also contain certificates and private keys obtained by Certbot so
making regular backups of this folder is ideal.


Oups, that didn’t go as planned … well, it turns out the version of certbot in Ubuntu 18.04 lacks support for wildcard certificates. We can either go to their homepage and get the latest version, or list all the domains we need:

root@example:/var/www# certbot certonly --standalone
Saving debug log to /var/log/letsencrypt/letsencrypt.log
Plugins selected: Authenticator standalone, Installer None
Please enter in your domain name(s) (comma and/or space separated)  (Enter 'c'
to cancel): example.com www.example.com git.example.com ftp.example.com deb.example.com
Obtaining a new certificate
Performing the following challenges:
http-01 challenge for example.com
http-01 challenge for deb.example.com
http-01 challenge for ftp.example.com
http-01 challenge for git.example.com
http-01 challenge for www.example.com
Waiting for verification...
Cleaning up challenges

IMPORTANT NOTES:
- Congratulations! Your certificate and chain have been saved at:
/etc/letsencrypt/live/example.com/fullchain.pem
Your key file has been saved at:
/etc/letsencrypt/live/example.com/privkey.pem
Your cert will expire on 2019-09-24. To obtain a new or tweaked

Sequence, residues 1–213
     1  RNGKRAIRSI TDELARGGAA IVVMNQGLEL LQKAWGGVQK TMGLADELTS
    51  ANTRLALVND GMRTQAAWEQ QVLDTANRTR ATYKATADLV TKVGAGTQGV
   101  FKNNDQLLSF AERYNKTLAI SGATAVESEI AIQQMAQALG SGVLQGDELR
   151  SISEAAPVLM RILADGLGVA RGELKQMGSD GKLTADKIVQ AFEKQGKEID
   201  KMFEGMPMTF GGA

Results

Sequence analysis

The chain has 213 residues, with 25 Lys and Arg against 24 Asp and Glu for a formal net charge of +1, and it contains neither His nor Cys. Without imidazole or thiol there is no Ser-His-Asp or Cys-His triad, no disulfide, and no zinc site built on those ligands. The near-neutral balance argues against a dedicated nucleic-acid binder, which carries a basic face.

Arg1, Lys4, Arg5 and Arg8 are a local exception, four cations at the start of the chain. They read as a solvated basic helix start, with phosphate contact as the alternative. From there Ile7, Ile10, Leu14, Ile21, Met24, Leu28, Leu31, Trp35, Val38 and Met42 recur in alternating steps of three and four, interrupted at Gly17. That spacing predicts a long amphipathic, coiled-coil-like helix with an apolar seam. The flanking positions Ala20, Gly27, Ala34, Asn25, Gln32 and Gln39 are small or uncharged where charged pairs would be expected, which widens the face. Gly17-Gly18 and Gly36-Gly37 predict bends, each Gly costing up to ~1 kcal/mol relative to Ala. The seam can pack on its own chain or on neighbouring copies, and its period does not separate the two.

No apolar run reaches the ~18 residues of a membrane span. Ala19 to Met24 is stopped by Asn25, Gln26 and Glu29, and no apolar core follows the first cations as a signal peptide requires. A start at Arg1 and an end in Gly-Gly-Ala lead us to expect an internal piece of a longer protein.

version of this certificate in the future, simply run certbot
again. To non-interactively renew *all* of your certificates, run
"certbot renew"
- If you like Certbot, please consider supporting our work by:

Donating to ISRG / Let's Encrypt:   https://letsencrypt.org/donate
Donating to EFF:                    https://eff.org/donate-le


The Let’s Encrypt setup guide at this point recommends that we verify that automatic certificate renewal works (cronjob or systemd timer). If this doesn’t work, your certificate will expire after only six months! So let’s check that now:

root@example:/var/www# certbot renew --dry-run
Saving debug log to /var/log/letsencrypt/letsencrypt.log

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Processing /etc/letsencrypt/renewal/example.com.conf
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Cert not due for renewal, but simulating renewal for dry run
Plugins selected: Authenticator standalone, Installer None
Renewing an existing certificate
Performing the following challenges:
http-01 challenge for deb.example.com
http-01 challenge for ftp.example.com
http-01 challenge for git.example.com
http-01 challenge for merecat.example.com
http-01 challenge for example.com
http-01 challenge for www.example.com
Waiting for verification...
Cleaning up challenges